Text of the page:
Stock pickers are getting schooled on just how hard it is to outsmart this pandemic-driven market.
After the S&P 500’s biggest plunge since the March madness on Thursday, expectations are rising that shares will move in lockstep again, a headwind for stock pickers looking to divine winners and losers. Add the fact that fewer companies are leading market gains this week, and it’s looking like a tough summer for those who pick securities for a living.
Active managers are coming off a dispiriting stretch. More than 60% of domestic equity funds underperformed the S&P Composite 1500 in the first four months of 2020, according to data this week from S&P Dow Jones Indices. That means investors largely failed to prove their mettle during the most extreme price swings in modern history.
After finding reason for cheer in calmer trading conditions just weeks ago, the question is whether active managers can find overlooked stars and discover securities that sway to their own beat.
“The intra-sectoral correlation is very high again,” said Roger Jones, head of equities at London and Capital Asset Management Ltd. “This normally happens when volatility picks up, when markets are driven more by the top-down than the bottom-up.”
The benchmark U.S. stock gauge pared the early advance in Friday trading, while Wall Street frets a second virus wave and a rally that’s defied the economic downturn.
Anyone with stock-picking smarts has been grappling with virus headlines in a macro-driven market for months now, but lately there’s been reason for optimism. As early as Monday, correlations had dropped to levels last seen before the sell-off, and beaten-up shares were in the midst of a historic comeback. Money was rushing in to chase the rebound as major economies gradually re-opened and U.S. jobs data unexpectedly improved.
Yet on Thursday, pros who had been sounding the alarm over elevated valuations looked prescient, as shares slumped after the Federal Reserve warned of a long path to recovery and infection rates ticked up in parts of the U.S.
The implied correlation of S&P companies spiked to the highest in more than two months, while an equal-weighted version of the index looks set for its second-worst week versus the regular capitalization-weighted version in data going back three decades.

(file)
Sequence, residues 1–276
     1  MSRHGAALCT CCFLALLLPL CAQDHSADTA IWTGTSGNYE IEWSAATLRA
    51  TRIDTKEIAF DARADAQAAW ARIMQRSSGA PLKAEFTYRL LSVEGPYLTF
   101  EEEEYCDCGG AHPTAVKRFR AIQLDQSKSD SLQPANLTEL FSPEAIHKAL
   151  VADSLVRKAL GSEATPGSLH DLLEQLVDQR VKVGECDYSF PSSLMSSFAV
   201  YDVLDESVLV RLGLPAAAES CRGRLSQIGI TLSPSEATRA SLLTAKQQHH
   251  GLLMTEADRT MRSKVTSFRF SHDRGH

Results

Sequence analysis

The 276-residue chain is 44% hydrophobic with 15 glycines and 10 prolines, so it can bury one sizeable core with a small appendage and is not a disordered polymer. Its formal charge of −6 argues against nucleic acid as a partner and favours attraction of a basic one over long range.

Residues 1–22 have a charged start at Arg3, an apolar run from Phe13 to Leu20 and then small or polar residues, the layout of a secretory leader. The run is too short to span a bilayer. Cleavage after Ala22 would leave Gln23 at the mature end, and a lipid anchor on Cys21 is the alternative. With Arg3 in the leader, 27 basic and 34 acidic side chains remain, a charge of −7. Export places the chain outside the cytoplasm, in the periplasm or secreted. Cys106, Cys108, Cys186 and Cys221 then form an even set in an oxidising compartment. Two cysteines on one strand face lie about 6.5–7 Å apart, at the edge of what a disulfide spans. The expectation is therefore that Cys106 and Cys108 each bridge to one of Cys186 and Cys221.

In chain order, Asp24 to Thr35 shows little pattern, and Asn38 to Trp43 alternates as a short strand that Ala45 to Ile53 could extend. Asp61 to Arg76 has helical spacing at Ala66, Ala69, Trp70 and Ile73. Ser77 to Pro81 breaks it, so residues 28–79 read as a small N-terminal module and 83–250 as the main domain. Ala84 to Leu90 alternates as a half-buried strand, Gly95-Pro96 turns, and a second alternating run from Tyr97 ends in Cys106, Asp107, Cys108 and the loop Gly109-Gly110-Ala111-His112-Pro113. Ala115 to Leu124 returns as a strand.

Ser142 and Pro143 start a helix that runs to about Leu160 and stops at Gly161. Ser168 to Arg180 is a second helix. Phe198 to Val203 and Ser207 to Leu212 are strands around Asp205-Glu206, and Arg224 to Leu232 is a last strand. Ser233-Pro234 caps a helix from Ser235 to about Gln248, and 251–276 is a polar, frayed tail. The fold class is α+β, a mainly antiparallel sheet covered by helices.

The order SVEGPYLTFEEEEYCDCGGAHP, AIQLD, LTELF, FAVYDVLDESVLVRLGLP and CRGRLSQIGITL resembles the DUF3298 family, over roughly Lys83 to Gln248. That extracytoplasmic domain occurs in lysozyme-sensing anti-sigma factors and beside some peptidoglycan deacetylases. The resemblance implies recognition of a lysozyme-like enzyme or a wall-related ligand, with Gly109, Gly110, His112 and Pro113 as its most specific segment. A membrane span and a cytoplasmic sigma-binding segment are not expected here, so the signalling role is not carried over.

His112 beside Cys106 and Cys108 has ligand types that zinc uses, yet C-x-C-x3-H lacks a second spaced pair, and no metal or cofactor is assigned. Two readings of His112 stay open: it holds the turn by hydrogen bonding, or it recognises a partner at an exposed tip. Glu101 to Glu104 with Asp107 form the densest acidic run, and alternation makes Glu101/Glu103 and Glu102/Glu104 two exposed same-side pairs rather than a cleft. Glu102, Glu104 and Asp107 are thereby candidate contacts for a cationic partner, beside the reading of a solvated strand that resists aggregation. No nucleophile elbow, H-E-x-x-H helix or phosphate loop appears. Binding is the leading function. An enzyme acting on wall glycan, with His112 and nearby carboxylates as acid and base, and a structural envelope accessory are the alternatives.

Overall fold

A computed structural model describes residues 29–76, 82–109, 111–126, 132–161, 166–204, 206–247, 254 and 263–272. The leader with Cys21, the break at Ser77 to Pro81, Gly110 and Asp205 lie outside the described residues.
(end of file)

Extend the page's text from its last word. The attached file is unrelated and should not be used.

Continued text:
Meanwhile the outlook for small caps looks grim after economic shutdowns across the world. The Russell 2000 Index of small caps is set for its worst week versus the S&P 500 since April.
That’s a problem for active managers who are known to overweight the cohort. The correlation between the outperformance of small caps and the excess returns of active managers has only risen further since the global financial crisis, according to an analysis by Sanford C. Bernstein.
“Given the unprecedentedly abrupt nature of the drop in revenues, it is likely that more small caps will not survive than would be the case in a ‘normal’ recession,” the Bernstein analysts wrote. “The skew to mega cap returns means that managers need to be ever more concentrated in order to outperform.”
The dominance of mega caps is another fly in the ointment. As their stellar returns make the market more concentrated -- just pull up a chart of Amazon.com Inc. or Apple Inc. for evidence -- it’s become hard for stock pickers to have sufficiently large wagers to beat their benchmarks, strategists Alla Harmsworth and Harjaspreet Mand suggested in a note last Friday.
Another challenge for active managers lurks in the underbelly of the stock market beloved by quants.
Factors -- the characteristics of shares tracked by systematic funds -- are driving the largest portion of the S&P 500’s returns in about a decade, Evercore ISI’s calculations show. That suggests that a fund manager picking stocks by slicing and dicing the corporate earnings trends might find their skills overwhelmed by broader forces like a global rush for havens.
Of course, individual managers correctly positioned for market turns have notched stellar returns from the turmoil. And one bull case holds that as easing credit stresses alleviate immediate anxiety over bankruptcies, investors can re-focus on the basics of stock-picking.
Over at London and Capital, Jones’s team tries to take advantage of sell-offs by scooping up stocks with longer-term appeal. But when it comes to a once-in-a-generation pandemic, some humility is in order.
“What confidence do I have in my views? It’s probably not great in terms of all the moving parts in the economy,” he said.
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